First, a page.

Depending on how ill your dog is or what they’ve eaten, you might want to visit a vet. Ideally, you should try and familiarize yourself with the plants you’ll encounter on your daily walks and work out which are toxic. Keep your dog away from these!


6. IBS.

Yes, dogs can get IBS (Irritable Bowel Syndrome), just like people! The main symptom of IBS is diarrhoea and possibly weight loss.


Just like in humans, doggy IBS usually has a trigger. This might be the food your dog eats, or it could be due to anxiety and stress. If you’re concerned, work with your vet to figure out the root cause of your dog’s IBS – and subsequent pooping.


7. A more serious medical complaint.

As you can imagine, diarrhoea is a fairly common complaint among dog owners, and it can be caused by a lot of conditions. While it’s most likely that your dog’s diarrhoea comes from something we’ve discussed above, there is a chance that it’s a symptom of something more serious.


More serious symptoms of diarrhoea include kidney disease, liver disease, ingesting foreign objects, intestinal parasites, or other conditions. If your dog’s diarrhoea is persisting, getting worse, or doesn’t seem to respond to any other treatments, you should take your dog to a vet. A vet can help to establish the real cause of your dog’s stomach upset and will help you work on a solution.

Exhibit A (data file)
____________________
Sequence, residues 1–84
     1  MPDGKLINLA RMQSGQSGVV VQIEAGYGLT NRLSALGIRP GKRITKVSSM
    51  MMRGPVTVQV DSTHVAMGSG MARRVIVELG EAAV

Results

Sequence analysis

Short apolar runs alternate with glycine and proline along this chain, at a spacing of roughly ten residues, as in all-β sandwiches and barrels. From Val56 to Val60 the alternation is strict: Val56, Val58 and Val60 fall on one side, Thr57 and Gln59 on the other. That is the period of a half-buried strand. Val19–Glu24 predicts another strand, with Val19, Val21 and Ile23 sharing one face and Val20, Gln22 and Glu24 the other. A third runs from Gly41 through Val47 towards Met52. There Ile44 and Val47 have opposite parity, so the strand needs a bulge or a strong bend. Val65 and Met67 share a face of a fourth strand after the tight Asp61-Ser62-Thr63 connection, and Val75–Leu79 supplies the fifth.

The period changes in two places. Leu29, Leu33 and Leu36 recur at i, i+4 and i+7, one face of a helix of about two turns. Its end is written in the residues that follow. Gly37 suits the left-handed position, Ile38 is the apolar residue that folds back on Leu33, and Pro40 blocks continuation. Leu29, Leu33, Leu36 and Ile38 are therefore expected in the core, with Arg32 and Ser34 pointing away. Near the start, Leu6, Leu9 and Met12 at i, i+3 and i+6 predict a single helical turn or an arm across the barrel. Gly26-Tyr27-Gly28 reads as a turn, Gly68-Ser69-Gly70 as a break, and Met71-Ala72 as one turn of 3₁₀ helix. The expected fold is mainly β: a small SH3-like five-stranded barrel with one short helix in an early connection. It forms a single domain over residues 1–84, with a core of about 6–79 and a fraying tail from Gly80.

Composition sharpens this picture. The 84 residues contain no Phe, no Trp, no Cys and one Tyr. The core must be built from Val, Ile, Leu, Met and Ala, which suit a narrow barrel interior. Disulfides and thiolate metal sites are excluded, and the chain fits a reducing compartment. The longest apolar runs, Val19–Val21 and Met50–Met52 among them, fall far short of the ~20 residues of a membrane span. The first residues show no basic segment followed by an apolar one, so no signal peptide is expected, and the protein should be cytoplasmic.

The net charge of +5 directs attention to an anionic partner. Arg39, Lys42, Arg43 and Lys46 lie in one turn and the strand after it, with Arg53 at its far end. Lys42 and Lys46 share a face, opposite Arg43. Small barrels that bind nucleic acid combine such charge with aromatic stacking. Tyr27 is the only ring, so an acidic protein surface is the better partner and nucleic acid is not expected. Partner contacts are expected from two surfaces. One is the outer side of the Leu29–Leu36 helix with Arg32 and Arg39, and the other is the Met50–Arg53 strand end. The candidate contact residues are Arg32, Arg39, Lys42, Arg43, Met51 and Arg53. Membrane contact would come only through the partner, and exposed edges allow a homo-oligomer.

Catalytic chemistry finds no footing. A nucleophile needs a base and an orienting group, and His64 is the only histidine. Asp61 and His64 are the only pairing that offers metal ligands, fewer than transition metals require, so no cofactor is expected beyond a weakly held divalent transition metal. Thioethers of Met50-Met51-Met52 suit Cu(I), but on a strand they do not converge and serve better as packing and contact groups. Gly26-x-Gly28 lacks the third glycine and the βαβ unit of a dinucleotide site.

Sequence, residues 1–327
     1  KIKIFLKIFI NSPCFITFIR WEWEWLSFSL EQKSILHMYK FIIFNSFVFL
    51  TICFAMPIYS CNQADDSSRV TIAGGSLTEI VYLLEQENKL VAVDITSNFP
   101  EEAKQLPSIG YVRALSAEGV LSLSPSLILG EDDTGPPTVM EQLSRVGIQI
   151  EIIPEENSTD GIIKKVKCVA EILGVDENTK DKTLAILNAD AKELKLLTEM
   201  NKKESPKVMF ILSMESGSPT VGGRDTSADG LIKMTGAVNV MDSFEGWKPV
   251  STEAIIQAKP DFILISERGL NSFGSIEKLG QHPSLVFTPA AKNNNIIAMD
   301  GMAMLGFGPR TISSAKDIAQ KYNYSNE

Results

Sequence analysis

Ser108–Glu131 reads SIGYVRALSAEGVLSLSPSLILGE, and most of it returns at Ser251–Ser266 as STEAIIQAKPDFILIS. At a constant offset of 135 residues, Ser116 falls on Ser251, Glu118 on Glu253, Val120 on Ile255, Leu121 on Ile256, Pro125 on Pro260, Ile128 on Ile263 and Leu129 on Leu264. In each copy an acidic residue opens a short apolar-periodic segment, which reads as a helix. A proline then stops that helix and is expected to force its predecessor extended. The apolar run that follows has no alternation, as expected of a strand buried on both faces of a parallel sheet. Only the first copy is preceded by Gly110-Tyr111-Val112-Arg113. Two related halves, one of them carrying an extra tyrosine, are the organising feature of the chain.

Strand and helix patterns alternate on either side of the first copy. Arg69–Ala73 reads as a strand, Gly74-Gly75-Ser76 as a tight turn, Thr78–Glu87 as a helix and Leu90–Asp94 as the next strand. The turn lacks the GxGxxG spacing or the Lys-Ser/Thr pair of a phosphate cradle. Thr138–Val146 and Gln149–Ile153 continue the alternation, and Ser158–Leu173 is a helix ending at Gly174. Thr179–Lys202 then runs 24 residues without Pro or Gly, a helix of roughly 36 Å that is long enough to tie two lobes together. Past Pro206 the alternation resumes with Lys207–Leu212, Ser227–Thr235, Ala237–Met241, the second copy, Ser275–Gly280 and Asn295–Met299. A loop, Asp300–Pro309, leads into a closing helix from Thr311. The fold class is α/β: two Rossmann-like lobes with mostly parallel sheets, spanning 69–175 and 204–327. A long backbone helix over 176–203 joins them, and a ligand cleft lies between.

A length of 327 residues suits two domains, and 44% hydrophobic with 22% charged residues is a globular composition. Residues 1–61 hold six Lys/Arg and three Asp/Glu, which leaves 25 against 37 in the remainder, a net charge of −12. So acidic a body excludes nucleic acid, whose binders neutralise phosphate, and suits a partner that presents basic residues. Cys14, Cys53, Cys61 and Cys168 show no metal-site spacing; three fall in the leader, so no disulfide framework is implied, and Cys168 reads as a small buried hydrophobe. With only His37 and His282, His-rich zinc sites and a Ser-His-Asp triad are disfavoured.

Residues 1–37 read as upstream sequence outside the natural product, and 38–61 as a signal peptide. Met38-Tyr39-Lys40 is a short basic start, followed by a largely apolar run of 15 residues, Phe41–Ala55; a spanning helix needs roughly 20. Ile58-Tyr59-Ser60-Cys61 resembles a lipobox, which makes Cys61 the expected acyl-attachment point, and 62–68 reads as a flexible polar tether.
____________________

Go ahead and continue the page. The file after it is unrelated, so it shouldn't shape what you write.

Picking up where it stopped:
What To Do If Your Dog Has Diarrhoea

Diarrhoea is a very common complaint among dogs, and many causes can be fairly simple. However, it’s important to keep an eye on your dog if they have persistent diarrhoea. Watch out for blood in their poo, along with too much mucus or froth. It’s a bit gross, but your dog’s health depends on it!


Make sure that your dog has plenty of water available – diarrhoea is very dehydrating. If you think that your dog’s food is causing diarrhoea, consider switching your dog’s food.


When To See A Vet

If your dog’s diarrhoea doesn’t go away or gets worse, it could be time to visit a vet to figure out what’s going on. If your dog displays other symptoms – vomiting, whining, signs of pains, a hunched posture, lethargy, blood in their poo, or anything out of character – then the diarrhoea could be part of a larger health issue. Persistent diarrhoea or very bad diarrhoea in itself could harm your dog, even if it’s not part of a larger health issue.


If you’ve ruled out all the obvious causes, it’s time to think about whether your dog’s diarrhoea is caused by something more serious. Usually, parasitic infections or other issues can be treated with antibiotics, diet and lifestyle changes, or medication. However, you do need to consult with a vet first.


However, diarrhoea in dogs usually isn’t anything to worry about. Keep an eye on your pooch, and maybe cut back on the treats and scraps, and hopefully, they should be just fine!

26 views0 comments

Recent Posts

See All

Comments


bottom of page